Neither Eastern Conference side could pull away from the other on Saturday's MLS matinee. Although New England couldn't earn their second collection of three points in their second game under interim head coach Mike Lapper, they were able to escape from Stade Saputo and the Montreal Impact with one.
Let's look at the starting 11...
[caption id="attachment_508458" align="aligncenter" width="429"] Headshots from revolutionsoccer.net.[/caption]
Not a single change in Mike Lapper's second consecutive starting 11 as head coach. Teal Bunbury started up top as the lone forward, with Cristian Penilla to his left and Juan Agudelo to his right (both on the wings). It was Diego Fagundez and Carles Gil starting in the attacking midfield in front of Luis Caicedo. Across the back from left to right it was Edgar Castillo, Jalil Anibaba, Andrew Farrell, and Brandon Bye. Matt Turner got the nod in net.
1v1 situations, and 50/50 balls: It was no secret, the Montreal Impact directed much of the game (aside from maybe a 15-minute window following the opening whistle of the second half) because they were on the ball for 62% of it. I didn't notice any nuances in the two teams' formations that would result in any direct correlation between their shapes and level of possession. However, it was clear to me that the Impact were beating the Revolution to second balls, winning 50/50's, and tackling more to dispossess the ball.
At the end of the match, the Impact won 13 total tackles to the Revs' six.
[caption id="attachment_508478" align="aligncenter" width="352"] MLSsoccer.com[/caption]
Of course, the number of tackles that each team won is a poor data point alone to diagnose why one team owned more of the ball than the other. But for Remi Garde and his players the formula was simple; expand and slow the game when you're on the ball, then condense and press to win the ball back as soon as possible.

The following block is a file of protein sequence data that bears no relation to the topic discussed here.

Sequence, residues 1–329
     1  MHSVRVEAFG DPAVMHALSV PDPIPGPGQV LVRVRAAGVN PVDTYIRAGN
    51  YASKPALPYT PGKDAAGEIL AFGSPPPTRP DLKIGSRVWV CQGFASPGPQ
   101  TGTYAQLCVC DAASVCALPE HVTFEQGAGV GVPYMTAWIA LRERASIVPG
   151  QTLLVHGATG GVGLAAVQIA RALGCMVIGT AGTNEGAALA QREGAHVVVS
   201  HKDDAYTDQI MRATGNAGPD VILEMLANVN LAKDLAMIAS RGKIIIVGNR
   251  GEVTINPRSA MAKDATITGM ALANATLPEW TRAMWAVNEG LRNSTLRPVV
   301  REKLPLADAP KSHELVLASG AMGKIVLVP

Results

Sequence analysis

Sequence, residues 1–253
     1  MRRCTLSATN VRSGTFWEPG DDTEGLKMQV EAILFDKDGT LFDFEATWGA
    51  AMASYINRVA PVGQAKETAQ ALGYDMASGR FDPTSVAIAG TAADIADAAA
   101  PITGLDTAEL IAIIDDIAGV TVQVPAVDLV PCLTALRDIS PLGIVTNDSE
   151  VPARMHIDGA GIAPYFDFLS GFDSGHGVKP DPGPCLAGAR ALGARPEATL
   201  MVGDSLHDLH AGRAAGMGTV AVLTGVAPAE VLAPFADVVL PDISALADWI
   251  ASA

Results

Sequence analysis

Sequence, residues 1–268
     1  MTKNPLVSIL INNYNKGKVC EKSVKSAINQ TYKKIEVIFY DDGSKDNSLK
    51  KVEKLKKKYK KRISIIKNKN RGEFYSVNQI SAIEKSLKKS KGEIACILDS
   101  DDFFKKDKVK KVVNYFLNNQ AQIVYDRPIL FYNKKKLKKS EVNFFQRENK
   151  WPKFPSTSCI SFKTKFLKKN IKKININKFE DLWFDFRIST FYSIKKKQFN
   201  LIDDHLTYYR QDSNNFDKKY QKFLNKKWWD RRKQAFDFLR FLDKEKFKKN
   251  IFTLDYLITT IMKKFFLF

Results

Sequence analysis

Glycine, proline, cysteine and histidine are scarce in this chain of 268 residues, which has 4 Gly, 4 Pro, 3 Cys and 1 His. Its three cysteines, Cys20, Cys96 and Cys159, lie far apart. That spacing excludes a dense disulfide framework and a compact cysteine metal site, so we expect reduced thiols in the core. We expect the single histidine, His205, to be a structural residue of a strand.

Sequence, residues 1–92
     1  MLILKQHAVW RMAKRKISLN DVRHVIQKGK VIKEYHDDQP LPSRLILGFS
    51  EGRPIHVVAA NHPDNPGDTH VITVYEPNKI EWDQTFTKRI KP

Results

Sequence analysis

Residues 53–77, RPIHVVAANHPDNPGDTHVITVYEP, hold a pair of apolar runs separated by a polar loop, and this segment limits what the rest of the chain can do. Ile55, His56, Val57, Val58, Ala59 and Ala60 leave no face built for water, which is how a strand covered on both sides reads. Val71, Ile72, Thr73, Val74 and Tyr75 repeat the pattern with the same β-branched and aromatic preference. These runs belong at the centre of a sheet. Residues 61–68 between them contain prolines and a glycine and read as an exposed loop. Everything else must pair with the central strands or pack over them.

This worked wonders against New England who looked as though the trip up to Canada had taken something out of their legs. Things began to turn around at the 40-minute mark shortly after DeJuan Jones was subbed on the field for Edgar Castillo.
A look into the midfield: The midfield looks like it still has some kinks to work out on the defensive end of the pitch, given that Montreal worked through them without too much trouble; particularly in the first half. This may be the downfall of playing two primarily offensive players in the midfield (Gil and Fagundez), and another who struggles to remain in a disciplined position for an entire 90 minutes (Luis Caicedo).
Consider the situation below. Saphir Taider (one of Montreal's attacking center midfielders) got on the ball around the halfway line and dropped low in front of New England's midfielders, becoming level with the Impact's defensive center midfielder (Samuel Piette). This pulled Diego Fagundez and Luis Caicedo high, while Gil remained lower; likely because he was tracking with Shamit Shome. Taider then played the ball to Jukka Raitala (Montreal center back), who played it into Piette. This drew Gil's pressure, which didn't make too much sense because the other midfielders were already high and matched in numbers (2v2, L. Caicedo/Fagundez on Taider/Piette). All of the Revs' midfielders became flat across the top of the midfield and Piette's pass down to his other center back opened